A report by the Cooperative Institute for Research in Environmental Sciences (CIRES) Earth Lab has illustrated how wildfires have increased in size, frequency and coverage across the USA since 2000. Not only have these fires become more common but they have also spread into new areas, affecting land that previously did not burn.
Virginia Iglesias, a research scientist with the CIRES Earth Lab and lead author of the paper, said, “Projected changes in climate, fuel and ignitions suggest that we’ll see more and larger fires in the future. Our analyses show that those changes are already happening.”
To evaluate how the size, frequency and extent of fires have changed in the USA, Iglesias and her colleagues analyzed data from more than 28,000 fires that occurred between 1984 and 2018 from the Monitoring Trends in Burn Severity (MTBS) dataset, which combines satellite imagery with the best available state and federal fire history records.
The team found that there were more fires across all regions in the contiguous United States from 2005 to 2018 compared with the previous two decades. In the West and East, fire frequency doubled; in the Great Plains, fire frequency quadrupled. As a result, the amount of land burned each year increased from a median of 4,019 to 14,249km2 in the West and from 1,204 to 3,354km2 in the Great Plains.
The researchers also took a closer look at the most extreme fire events in each region. They found that in the West and Great Plains, the largest wildfires grew bigger and ignited more often in the 2000s. Throughout the record, large fires were more likely to occur around the same time as other large fires.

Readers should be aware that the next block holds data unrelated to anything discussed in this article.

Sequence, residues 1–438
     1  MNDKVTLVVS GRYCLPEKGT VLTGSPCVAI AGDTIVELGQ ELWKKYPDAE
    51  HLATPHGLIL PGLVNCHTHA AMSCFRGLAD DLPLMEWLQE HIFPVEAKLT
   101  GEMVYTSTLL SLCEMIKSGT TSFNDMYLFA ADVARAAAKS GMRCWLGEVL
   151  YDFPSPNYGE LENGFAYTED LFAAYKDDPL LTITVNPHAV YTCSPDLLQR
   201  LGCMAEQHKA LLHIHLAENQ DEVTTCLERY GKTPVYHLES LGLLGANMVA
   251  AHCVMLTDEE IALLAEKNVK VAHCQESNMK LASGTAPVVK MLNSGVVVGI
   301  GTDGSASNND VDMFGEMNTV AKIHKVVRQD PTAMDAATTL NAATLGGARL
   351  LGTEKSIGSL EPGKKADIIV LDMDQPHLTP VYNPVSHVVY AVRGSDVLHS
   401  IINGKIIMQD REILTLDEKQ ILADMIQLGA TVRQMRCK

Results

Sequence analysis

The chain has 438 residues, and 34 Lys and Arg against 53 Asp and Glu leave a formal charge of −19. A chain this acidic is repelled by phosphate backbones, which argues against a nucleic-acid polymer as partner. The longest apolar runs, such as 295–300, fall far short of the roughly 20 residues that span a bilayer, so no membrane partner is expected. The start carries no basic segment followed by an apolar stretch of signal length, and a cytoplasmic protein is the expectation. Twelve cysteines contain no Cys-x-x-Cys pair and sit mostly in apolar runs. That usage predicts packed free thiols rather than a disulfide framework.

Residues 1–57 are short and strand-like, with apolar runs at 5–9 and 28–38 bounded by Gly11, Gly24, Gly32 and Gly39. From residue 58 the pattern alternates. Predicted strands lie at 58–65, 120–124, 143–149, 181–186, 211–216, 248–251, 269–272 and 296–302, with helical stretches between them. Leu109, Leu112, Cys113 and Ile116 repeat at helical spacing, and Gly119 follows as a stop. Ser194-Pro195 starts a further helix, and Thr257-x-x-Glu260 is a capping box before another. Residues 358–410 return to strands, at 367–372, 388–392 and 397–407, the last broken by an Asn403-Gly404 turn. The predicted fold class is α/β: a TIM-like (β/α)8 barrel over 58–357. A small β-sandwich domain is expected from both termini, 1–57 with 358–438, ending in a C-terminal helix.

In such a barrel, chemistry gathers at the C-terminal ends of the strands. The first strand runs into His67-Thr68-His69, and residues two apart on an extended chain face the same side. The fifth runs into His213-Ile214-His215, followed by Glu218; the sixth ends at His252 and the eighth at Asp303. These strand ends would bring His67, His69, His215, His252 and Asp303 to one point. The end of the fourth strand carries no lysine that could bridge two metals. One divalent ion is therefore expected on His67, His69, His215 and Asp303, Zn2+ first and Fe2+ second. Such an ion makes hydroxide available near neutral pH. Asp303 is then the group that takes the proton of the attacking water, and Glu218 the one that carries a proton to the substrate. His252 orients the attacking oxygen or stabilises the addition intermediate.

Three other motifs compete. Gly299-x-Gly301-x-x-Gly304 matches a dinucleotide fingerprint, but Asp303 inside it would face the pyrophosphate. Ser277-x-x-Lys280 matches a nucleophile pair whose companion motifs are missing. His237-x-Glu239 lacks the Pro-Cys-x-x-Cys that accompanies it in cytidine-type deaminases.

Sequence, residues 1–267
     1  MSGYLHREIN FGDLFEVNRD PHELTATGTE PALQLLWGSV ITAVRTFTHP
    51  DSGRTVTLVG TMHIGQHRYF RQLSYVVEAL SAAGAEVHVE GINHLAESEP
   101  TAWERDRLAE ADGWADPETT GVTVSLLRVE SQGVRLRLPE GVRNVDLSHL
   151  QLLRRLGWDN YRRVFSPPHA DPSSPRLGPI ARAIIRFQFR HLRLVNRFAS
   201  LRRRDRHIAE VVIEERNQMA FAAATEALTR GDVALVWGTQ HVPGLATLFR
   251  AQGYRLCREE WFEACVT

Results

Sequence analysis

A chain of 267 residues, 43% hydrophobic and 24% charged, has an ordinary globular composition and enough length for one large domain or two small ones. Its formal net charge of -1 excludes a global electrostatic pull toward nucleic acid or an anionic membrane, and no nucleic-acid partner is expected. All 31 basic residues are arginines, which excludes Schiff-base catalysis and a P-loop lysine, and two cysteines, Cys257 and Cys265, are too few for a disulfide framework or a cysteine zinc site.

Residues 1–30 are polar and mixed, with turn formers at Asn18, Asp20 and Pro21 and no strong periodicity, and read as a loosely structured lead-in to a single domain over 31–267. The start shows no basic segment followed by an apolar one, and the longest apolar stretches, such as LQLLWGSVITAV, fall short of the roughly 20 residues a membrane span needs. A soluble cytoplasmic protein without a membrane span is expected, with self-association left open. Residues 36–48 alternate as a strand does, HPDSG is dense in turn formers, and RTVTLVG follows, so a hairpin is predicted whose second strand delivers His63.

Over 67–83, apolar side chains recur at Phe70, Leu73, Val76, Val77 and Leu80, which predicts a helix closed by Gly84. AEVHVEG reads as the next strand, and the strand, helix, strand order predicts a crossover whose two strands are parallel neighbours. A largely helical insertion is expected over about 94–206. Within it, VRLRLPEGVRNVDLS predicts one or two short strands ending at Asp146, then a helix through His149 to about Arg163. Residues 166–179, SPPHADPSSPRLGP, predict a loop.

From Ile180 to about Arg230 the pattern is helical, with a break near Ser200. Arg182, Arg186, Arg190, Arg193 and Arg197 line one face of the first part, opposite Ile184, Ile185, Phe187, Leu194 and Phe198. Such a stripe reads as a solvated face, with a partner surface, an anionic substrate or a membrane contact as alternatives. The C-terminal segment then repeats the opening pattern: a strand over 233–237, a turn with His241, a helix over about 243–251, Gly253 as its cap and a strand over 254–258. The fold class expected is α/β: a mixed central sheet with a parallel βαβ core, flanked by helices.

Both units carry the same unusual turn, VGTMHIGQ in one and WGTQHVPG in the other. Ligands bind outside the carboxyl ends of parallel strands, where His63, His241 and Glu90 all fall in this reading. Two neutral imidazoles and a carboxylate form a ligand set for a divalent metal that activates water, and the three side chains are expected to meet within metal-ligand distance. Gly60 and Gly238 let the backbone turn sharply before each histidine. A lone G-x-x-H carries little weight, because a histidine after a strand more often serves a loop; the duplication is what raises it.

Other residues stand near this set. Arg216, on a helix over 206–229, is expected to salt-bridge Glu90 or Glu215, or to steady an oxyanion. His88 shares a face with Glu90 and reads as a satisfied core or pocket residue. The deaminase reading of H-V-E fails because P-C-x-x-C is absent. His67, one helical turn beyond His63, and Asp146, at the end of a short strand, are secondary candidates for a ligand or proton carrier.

“More and larger co-occurring fires are already altering vegetation composition and structure, snowpack and water supply to our communities,” Iglesias explained. “This trend is challenging fire-suppression efforts and threatening the lives, health and homes of millions of Americans.”
Finally, the team discovered that the size of fire-prone areas increased in all regions of the contiguous United States in the 2000s, meaning that not only is the distance between individual fires getting smaller than it was in the previous decades, but also that fires are spreading into areas that did not burn in the past.
These results confirm a palpable change in fire dynamics that has been suspected by the media, public and fire-fighting officials. Unfortunately, the results also align with other troubling risk trends, such as the fact that the development of natural hazard zones is also increasing wildfire risk. “These convergent trends, more large fires plus intensifying development, mean that the worst fire disasters are still to come,” said co-author and Earth Lab deputy director, William Travis.
The study authors suggest that to adapt and build resilience to wildfire impacts, planners and stakeholders must account for how fire is changing and how it is affecting vulnerable ecosystems and communities.
To read the full report published in the journal Science Advances, click here.